My longest lens for M/F 6X6 is 180mm I've never needed anything longer, if I did I'd shoot 35mm.
There is no substitute for a long lens. Getting closer will completely change the perspective, and sometimes I want to compress distances. It's not just about framing or about being too lazy to hike. I actually find that I have to move greater distances when using long lenses to alter the relationships between objects in the frame.
Conversely, short lenses are excellent at emphasizing close objects. Perspective control is critical. The worst way to use a short lens is to place everything in the frame because it will de-emphasize distant objects.
Except long lenses have the huge disadvantage of a lack of shared space. Easily perceptible to the viewer and photographer - not to mention the environmental shift as a result of that lacking.
I never use 'em.
Stop worrying about grain, resolution, sharpness, and everything else that doesn't have a damn thing to do with substance.
That's very true Robert either wide angle or telephoto lensed visually change the relationship between the foreground and the the background.
Originally Posted by Robert Budding
aurum why? i'm planning to purchase a 400 or 800mm tele for a pentax 67. we still have rights in this dictatorial police state in the UK.
Sponsored Ad. (Subscribers to APUG have the option to remove this ad.)
Long lenses do have their uses, particularly outdoors. It's pretty hard to walk right up to a wild bird and get a good shot with a 50MM. Use a 200 or 300MM though and it's a different story. I can't say I'd use one much indoors, but out, sure. No I don't think it's at all about penis envy, though I joke about it being otherwise. It's about getting rid of limitations.
There are times when you can get the shot with a basic lens, but sometimes you just can't get that close and that's where the long lenses do come in.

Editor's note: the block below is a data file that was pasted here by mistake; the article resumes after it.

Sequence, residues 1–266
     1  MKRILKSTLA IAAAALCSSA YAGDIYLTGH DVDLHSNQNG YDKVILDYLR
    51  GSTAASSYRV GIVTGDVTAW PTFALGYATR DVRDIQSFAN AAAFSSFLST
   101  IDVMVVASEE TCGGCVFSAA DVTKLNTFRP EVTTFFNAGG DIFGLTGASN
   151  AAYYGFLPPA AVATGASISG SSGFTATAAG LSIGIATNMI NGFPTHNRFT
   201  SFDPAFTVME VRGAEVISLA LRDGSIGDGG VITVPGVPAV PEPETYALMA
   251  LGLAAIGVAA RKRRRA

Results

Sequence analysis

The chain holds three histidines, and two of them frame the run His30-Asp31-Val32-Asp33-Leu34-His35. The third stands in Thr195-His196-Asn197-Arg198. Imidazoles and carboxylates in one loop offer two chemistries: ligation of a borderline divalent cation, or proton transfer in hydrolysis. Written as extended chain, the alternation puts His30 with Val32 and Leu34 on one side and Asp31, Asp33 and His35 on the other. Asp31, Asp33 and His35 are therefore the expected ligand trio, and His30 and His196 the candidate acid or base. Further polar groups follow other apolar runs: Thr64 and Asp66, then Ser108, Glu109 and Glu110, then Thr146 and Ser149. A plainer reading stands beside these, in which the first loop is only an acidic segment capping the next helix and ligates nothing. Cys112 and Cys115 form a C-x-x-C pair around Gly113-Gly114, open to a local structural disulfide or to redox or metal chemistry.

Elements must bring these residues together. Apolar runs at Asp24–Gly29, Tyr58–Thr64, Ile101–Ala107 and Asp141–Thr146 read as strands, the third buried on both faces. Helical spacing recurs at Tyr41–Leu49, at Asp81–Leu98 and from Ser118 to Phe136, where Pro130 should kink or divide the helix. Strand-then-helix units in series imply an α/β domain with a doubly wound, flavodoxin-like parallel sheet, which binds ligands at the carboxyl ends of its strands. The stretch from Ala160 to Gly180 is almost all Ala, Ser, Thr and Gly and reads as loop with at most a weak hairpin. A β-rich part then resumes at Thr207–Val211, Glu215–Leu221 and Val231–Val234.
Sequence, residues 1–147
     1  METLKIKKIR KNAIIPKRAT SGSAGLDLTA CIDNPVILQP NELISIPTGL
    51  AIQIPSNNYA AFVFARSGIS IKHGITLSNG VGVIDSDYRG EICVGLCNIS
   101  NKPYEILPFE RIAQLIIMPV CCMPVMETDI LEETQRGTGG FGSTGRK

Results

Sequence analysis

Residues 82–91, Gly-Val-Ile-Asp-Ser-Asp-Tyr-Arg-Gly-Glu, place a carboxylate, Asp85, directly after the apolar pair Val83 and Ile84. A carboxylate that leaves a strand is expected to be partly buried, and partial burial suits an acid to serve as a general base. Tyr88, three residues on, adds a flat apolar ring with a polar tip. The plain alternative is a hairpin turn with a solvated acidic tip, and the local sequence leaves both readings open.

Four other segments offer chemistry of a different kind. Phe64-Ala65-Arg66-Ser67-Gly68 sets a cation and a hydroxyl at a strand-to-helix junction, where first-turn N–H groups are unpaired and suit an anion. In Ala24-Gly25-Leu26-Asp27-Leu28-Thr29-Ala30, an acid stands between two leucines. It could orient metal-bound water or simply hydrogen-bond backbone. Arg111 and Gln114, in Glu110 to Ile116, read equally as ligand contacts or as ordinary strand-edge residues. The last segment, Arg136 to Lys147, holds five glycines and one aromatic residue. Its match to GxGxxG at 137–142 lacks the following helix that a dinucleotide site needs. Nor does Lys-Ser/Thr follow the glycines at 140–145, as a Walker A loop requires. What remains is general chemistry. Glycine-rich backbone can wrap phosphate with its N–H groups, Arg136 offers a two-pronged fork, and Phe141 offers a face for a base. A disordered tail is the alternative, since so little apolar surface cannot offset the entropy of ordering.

I definitely want a full kit with a wide angle, some kind of lens for macro, a basic 50MM lens, a portrait lens, and at least one good long lens. I like to cover all the bases and I do that knowing that I will indeed use that 200MM or 300MM quite often.
I'm an admitted nature freak and in particular I love photographing birds, lizards and bugs. I can't see me NOT having some longer lenses. It's not like I can just walk right up to a wasp's nest and not risk being stung. At least with a long lens I've maybe got time to run if my taking a quick picture makes them angry!
Last edited by magkelly; 07-08-2010 at 12:31 PM. Click to view previous post history.
I don't think that each type of lens has to have a specific 'use'. For my Hasselblad camera I use the 80mm and 150mm lens interchangeably to make portraits. I don't prefer one over the other, but the 150 definitely has more reach, but also requires more time and patience to focus.
What I do is I regularly leave the house with just one lens on the camera, and I force myself to use what I have. It has helped me a lot to learn how to adapt to a specific focal length, rather than having a camera bag full of lenses, wondering which one to choose next.
For 35mm I shoot landscape both with a 16mm super wide, as well as 55mm, 100mm, and 135mm lenses. I really don't prefer one over the other. I just use them. One at a time.
It helps not to 'label' the lenses. Try to work around the common concepts of "Wide angle for landscape", "telephoto for portraits", and "around normal for everything else". Force yourself to use a telephoto lens for a while. Think outside the box and see how you like it. After a while you will learn to 'see' with the lens, and develop a sense for what will look good or not.
I once went on a photo trip with friends to Michigan. I had a Mamiya 645 1000 S at the time. After much pondering of what to bring I figured my camera bag was too heavy. So I just brought the 150mm lens, nothing else, (other than a Holga and a pinhole). I came back with some of the most rewarding pictures I've ever produced, probably because I didn't think about what lens to use, but rather just learned to become 'one' with the equipment at hand, and simply figured out how to make things work. The attached picture is one of the pictures from that trip.
"Often moments come looking for us". - Robert Frank
"Make good art!" - Neil Gaiman
"...the heart and mind are the true lens of the camera". - Yousuf Karsh